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Investment Tip of the Day
ETFs or Mutual Funds?
Exchange-Traded Funds (ETF) are investment funds that trade just like stocks on stock exchanges. Like Mutual Funds, ETFs contain a basket of securities such as bonds or stocks, but for the most part ETFs commonly track an index like NASDAQ. ETF combines the valuation feature of mutual funds with the trading style of closed-ended funds, trading throughout the intraday at a price that may not reflect its underlying net asset value. Mutual funds transactions are settled at the end of the day price with the fund company.
ETFs have always been exalted for their extensive flexibility and cheap alternative to mutual funds. Although most mutual funds are actively managed, which contributes to their higher fees, when one were to take that into consideration ETFs still are much cheaper to own. Mutual funds are likely also to include trailer fees which are commissions paid by fund companies to brokers/dealers as compensation for their advice and distribution channels.
Although ETFs unquestionably have lower fees they do however have to deal with brokerage commissions any time they are bought and sold whereas mutual funds are not dealt this way. So if you are an active trader then these constant trade commissions for buying/selling ETFs can add up tremendously throughout a year and might out way any savings you may have had over mutual funds.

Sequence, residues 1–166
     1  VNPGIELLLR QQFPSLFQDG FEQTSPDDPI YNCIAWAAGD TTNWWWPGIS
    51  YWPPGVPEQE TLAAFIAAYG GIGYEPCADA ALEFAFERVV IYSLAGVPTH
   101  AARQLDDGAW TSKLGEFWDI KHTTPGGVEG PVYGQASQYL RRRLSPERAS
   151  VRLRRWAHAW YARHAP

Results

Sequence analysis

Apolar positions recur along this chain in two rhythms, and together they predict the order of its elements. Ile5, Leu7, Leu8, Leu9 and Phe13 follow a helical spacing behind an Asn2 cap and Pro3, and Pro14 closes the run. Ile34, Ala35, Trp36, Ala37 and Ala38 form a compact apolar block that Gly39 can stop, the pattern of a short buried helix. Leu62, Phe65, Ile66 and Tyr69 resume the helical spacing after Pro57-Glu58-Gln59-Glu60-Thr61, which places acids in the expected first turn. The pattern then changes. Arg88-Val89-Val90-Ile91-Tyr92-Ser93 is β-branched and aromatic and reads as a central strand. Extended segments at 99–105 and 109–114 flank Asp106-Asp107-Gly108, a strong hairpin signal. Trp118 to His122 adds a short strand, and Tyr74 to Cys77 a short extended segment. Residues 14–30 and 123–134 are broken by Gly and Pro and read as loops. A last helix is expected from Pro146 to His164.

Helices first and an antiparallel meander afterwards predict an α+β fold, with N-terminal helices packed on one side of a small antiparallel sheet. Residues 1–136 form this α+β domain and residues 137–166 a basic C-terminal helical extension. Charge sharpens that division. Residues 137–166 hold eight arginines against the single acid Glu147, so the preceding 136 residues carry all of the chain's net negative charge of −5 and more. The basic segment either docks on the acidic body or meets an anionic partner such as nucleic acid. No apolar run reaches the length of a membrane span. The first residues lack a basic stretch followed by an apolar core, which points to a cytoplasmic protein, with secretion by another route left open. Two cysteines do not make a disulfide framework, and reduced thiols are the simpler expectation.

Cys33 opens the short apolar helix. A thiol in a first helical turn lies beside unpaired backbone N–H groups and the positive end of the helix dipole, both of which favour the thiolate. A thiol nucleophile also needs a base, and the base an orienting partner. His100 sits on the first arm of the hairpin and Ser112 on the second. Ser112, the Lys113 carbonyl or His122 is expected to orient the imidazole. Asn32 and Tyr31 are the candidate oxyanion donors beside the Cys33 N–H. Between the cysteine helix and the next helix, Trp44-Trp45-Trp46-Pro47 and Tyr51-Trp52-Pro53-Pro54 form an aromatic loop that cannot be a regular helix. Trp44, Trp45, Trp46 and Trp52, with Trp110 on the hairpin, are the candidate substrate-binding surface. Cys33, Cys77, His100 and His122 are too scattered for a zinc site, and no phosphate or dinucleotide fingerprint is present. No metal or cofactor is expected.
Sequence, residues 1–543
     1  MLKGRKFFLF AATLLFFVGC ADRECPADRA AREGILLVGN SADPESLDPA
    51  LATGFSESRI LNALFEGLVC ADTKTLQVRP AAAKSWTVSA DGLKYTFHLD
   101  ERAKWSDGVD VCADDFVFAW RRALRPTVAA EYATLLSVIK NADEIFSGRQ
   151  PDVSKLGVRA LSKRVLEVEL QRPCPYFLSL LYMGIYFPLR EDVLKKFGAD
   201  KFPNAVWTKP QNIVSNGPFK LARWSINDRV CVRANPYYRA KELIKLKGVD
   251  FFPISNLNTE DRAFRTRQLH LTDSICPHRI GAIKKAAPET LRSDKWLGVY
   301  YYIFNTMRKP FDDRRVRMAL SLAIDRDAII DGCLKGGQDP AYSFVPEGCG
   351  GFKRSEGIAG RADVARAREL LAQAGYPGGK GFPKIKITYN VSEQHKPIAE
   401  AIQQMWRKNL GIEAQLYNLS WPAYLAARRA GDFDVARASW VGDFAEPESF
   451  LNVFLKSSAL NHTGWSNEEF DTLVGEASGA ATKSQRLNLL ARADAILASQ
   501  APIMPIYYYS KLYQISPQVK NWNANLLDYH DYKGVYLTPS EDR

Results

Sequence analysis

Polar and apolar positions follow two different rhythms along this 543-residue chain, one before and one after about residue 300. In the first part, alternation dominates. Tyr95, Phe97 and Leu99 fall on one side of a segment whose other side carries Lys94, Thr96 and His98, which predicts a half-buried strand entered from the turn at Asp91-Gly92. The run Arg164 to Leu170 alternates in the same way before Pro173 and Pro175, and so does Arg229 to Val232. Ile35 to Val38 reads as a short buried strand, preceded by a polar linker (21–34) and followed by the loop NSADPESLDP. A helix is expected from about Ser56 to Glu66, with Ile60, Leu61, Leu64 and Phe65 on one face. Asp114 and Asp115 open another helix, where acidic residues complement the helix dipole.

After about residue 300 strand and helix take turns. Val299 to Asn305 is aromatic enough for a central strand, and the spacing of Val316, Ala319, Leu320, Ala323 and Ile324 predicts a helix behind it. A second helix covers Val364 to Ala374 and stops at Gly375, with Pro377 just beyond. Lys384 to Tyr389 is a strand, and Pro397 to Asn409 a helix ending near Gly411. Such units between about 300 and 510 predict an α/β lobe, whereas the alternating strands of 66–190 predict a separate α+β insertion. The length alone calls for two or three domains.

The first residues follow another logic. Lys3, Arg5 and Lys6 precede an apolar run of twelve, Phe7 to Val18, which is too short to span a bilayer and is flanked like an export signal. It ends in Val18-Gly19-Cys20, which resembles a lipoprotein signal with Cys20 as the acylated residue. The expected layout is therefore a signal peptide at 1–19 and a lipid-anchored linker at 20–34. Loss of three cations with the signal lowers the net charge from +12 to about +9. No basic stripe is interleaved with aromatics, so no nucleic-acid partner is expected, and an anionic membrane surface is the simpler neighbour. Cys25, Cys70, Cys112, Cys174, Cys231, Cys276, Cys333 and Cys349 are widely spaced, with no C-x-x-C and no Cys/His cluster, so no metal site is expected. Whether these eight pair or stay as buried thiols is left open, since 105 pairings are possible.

ETFs carry better tax benefits. Because they do not comprise actual shares of the underlying stocks as mutual fund units do, ETF shares are acquired by authorized reps in exchange for its stock basket which then get distributed as ETF shares on the open market. This simplified process makes selling of ETF shares not involve the selling of its underlying stock. When mutual fund units are bought/sold underlying shares of stock are also bought/sold and a taxable event occurs. This type of structuring reduces taxes but also reduces the amount of potential capital gains for ETF shareholders.
So when you look at both types of funds you can understand why the two exist. They both have their advantages and disadvantages. If you are still having a hard time deciding then we recommend you seek out a financial advisor to determine which type is best for your needs.